Interplay between Immune and Bacterial Cells on a Biomimetic Nanostructured Surface: A “Race for the Surface” Study

Richard Bright, Andrew Hayles, Jonathan Wood, Dennis Palms, Dan Barker, Krasimir Vasilev

Research output: Contribution to journalArticlepeer-review

1 Citation (Scopus)


Biomaterial-associated infection is an ever-increasing risk with devasting consequences for patients. Considerable research has been undertaken to address this issue by imparting antibacterial properties to the surface of biomedical implants. One approach that generated much interest over recent years was the generation of bioinspired bactericidal nanostructures. In the present report, we have investigated the interplay between macrophages and bacteria on antibacterial nanostructured surfaces to determine the outcome of the so-called “race for the surface”. Our results showed that macrophages can indeed outcompete Staphylococcus aureus via multiple mechanisms. The early generation of reactive oxygen species by macrophages, downregulation of bacterial virulence gene expression, and the bactericidal nature of the nanostructured surface itself collectively acted to help the macrophage to win the race. This study highlights the potential of nanostructured surfaces to reduce infection rates and improve the long-term success of biomedical implants. This work can also serve as guidance to others to investigate in vitro host-bacteria interactions on other candidate antibacterial surfaces.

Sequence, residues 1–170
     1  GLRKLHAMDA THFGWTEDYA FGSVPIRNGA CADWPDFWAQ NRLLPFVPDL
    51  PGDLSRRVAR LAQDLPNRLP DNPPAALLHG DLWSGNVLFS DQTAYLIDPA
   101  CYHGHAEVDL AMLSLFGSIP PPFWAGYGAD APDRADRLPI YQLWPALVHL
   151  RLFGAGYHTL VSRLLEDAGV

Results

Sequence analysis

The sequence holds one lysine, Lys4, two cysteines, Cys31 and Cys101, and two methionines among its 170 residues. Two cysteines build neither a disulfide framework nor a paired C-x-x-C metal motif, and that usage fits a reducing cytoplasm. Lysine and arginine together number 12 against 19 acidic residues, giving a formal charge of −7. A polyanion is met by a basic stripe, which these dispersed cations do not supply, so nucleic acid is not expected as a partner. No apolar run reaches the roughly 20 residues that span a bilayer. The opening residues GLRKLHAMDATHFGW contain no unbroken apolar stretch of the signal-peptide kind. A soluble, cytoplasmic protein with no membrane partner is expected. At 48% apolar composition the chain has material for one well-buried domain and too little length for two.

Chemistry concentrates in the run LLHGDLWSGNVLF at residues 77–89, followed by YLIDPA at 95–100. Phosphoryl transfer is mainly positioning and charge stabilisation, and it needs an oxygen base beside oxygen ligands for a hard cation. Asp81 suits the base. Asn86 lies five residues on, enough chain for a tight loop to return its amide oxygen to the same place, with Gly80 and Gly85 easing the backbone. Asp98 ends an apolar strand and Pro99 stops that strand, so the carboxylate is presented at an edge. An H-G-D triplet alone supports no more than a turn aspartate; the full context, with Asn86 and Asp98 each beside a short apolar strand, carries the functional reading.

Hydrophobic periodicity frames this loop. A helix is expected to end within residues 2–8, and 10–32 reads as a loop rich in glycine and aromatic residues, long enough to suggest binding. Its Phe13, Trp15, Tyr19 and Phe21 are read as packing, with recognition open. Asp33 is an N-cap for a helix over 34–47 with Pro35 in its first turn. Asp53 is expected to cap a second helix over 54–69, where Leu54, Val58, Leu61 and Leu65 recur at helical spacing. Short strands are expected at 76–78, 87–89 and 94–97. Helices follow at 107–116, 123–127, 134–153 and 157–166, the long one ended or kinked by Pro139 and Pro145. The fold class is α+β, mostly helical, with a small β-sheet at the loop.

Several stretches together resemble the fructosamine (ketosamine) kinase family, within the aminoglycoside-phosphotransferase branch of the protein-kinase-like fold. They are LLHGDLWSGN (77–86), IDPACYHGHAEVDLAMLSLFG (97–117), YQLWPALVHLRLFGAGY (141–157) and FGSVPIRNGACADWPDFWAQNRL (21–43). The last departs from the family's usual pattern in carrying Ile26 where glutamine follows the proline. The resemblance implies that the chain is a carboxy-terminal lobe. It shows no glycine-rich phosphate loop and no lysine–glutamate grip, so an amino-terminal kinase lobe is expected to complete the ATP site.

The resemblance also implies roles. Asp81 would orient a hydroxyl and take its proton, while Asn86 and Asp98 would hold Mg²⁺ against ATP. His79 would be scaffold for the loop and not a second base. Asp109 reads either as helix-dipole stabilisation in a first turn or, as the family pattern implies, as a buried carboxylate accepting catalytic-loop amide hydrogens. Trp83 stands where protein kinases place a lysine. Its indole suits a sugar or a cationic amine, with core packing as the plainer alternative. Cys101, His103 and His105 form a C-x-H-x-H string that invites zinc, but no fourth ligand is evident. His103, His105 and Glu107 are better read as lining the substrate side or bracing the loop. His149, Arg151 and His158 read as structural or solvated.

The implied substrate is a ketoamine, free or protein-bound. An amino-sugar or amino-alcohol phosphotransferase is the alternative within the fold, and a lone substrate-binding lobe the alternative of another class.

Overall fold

Original languageEnglish
Pages (from-to)3472-3483
Number of pages12
JournalACS Applied Bio Materials
Issue number9
Early online date29 Jun 2023
Publication statusPublished - 18 Sept 2023


  • antibacterial
  • biocompatible
  • bioinspired
  • competitive colonization
  • gene expression
  • macrophage


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